July's broiling heat and wind-driven storms are big risks for power outages from the dry desert southwest to the swampy East Coast. Outages are usually local, with downed lines leaving us in the dark for a few hours or perhaps a day. But what are the chances of something worse happening? What if the entire U.S. power grid went kaput?
Many experts say that's an unlikely event. The nation's power grid is a complex, yet technologically advanced, system with plenty of backup. But scenarios do exist that could lead to such a massive failure: a solar flare, a cyberattack, or even just a series of unfortunate events -- also known as a cascading failure.
"It is conceivable," said Ian Dobson, professor of engineering at Iowa State University who focuses his research in preparing for just that possibility. "If there is a series of failures, then the grid doesn't have sufficient redundancy to transmit electricity and the load is shed, that is a blackout and the lights go out."
If it's a just a matter of rebooting the system, that can be done in a couple of hours, explained Dobson. But if there's physical damage to high-voltage transmission lines, substations or other infrastructure, it could take weeks or months to replace and repair transformers or other equipment.
Modern society without electricity would obviously be a tough place to live. Electricity keeps clean water running, communications operating, food cold, hospitals open and our homes and streets safe. Most backup systems, like diesel generators, are only designed to run for a few days.
Government and industry officials appear to be most worried about temporary, regional blackouts, the kind that happened along the East Coast in 2003 when a software malfunction tripped the power for 45 million U.S. residents in six states, and another 10 million Canadians.
Human error -- a decision by a technician to cut a high-voltage line between two substations -- led to a 12-hour blackout for 6 million people in California, Arizona and Northern Mexico. Sewage pumps failed, spilling contaminated water onto beaches, and food spoiled in thousands of groceries.
Our grid is fairly stable.iStockPhoto
Experts say a continent-wide failure would require some kind of physical damage to the power system: something like a massive solar flare -- the so-called "Carrington event" of 1859 -- that caused telegraph wires to fry worldwide and led to visible auroras in places like Cuba and Jamaica.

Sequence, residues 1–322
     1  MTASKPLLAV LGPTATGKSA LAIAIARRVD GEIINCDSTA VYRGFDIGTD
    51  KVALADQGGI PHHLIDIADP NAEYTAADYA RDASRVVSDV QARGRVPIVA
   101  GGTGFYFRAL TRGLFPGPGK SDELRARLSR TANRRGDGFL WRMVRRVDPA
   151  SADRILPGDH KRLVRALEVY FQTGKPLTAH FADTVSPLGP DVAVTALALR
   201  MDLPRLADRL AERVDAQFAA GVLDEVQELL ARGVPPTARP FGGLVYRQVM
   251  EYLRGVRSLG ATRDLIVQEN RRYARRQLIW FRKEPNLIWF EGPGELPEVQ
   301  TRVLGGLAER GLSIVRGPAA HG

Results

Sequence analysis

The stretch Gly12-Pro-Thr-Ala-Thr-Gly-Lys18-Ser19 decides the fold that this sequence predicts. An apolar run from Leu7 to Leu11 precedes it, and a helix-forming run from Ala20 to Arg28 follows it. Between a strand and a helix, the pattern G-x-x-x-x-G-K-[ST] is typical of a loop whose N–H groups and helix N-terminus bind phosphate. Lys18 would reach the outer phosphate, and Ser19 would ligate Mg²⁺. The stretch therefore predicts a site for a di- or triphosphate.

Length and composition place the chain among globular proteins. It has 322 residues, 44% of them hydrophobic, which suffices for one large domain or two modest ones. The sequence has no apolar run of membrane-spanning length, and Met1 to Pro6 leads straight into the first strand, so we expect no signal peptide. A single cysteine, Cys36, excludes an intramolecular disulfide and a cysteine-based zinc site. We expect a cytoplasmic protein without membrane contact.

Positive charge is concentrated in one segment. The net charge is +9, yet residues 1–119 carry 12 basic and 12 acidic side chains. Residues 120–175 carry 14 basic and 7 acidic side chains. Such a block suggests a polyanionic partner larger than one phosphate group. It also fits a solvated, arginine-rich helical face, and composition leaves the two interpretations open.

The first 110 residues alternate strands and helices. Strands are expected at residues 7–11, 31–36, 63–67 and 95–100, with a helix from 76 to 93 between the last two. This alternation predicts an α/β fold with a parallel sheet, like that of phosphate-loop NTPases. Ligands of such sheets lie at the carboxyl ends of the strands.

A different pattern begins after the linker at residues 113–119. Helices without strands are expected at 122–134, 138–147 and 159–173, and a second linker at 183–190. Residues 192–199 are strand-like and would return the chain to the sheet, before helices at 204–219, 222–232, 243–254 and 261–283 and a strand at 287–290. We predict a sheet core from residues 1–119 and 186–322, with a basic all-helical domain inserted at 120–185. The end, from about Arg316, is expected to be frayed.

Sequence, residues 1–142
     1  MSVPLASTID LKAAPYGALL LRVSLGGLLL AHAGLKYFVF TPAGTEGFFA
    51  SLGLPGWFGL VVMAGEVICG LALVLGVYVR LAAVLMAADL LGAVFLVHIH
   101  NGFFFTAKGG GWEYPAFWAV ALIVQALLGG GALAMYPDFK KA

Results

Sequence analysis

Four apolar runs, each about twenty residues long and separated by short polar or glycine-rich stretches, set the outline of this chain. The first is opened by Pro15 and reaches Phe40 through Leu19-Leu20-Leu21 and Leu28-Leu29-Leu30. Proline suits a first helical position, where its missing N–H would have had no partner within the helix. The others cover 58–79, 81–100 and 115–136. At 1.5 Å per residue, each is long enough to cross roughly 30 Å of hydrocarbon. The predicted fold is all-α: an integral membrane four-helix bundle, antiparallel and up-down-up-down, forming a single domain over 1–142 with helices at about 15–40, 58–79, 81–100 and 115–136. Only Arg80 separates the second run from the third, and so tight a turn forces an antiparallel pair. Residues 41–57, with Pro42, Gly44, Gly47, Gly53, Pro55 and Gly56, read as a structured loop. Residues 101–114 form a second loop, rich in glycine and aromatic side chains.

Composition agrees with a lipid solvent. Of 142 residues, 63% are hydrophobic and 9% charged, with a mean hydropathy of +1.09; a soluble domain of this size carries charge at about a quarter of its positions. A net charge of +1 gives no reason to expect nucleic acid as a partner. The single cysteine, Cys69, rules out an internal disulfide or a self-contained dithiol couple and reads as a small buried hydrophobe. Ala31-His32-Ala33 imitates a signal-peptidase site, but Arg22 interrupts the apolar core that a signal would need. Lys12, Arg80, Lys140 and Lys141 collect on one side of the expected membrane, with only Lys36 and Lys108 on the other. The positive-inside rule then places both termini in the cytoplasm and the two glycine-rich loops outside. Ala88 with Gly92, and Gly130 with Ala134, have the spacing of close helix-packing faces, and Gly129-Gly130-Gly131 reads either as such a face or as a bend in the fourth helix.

"There has been some modeling that says (a similar event today) could cause significant damage to electronics," said Mark Weatherford, principal at the Chertoff Group and former security chief for the North American Electric Reliability Corporation, a non-profit regulatory group responsible for maintain power.
"This is something that has not gone unnoticed," Weatherford said. "Industry and government have been very active to understand the implications that the threat would cause."
In recent years, manufacturers have looked at ways to protect transformers from solar events, shunting high-voltage lines into the ground so they aren't damaged and figuring out ways to isolate troubled substations from the main grid.
Protecting against cyberattacks is an ongoing battle. Just last week, a new report by Symantec warned of serious threats to electric grids from "Dragonfly," a group of hackers likely based in Eastern Europe who have launched malware to disrupt power supplies, industrial control systems and other kinds of infrastructure. Weatherford said the weak link is the companies that provide software to utilities.
The hackers infiltrated industrial control vendors, who then issued updates and patches with contaminated software that were uploaded by utilities.
"It is a concern and there's a lot of people looking into this right now," Weatherford said.
Thinking about the unthinkable -- at least when it comes to a massive power outage -- is a good exercise for engineers like Iowa State's Dobson. He says that the United States has ignored fixing infrastructure like the power grid for too long, even though the possibility of a widespread catastrophe is low.
"The power grid is a complex machine, and everything east of the Rockies is all tied together," Dobson said. "There's good reason to have such a large power grid, to back each other up, but it also has a vulnerability and occasionally you can have a cascading failure."
Weatherford says the U.S. grid is not likely to fail. There are too many ways to isolate trouble spots. But if things go south, you might want to consider moving to Texas. The Texas power grid is self-sustainable for power generation and distribution.
"Texas," Weatherford said, "could probably disconnect and be fine on their own."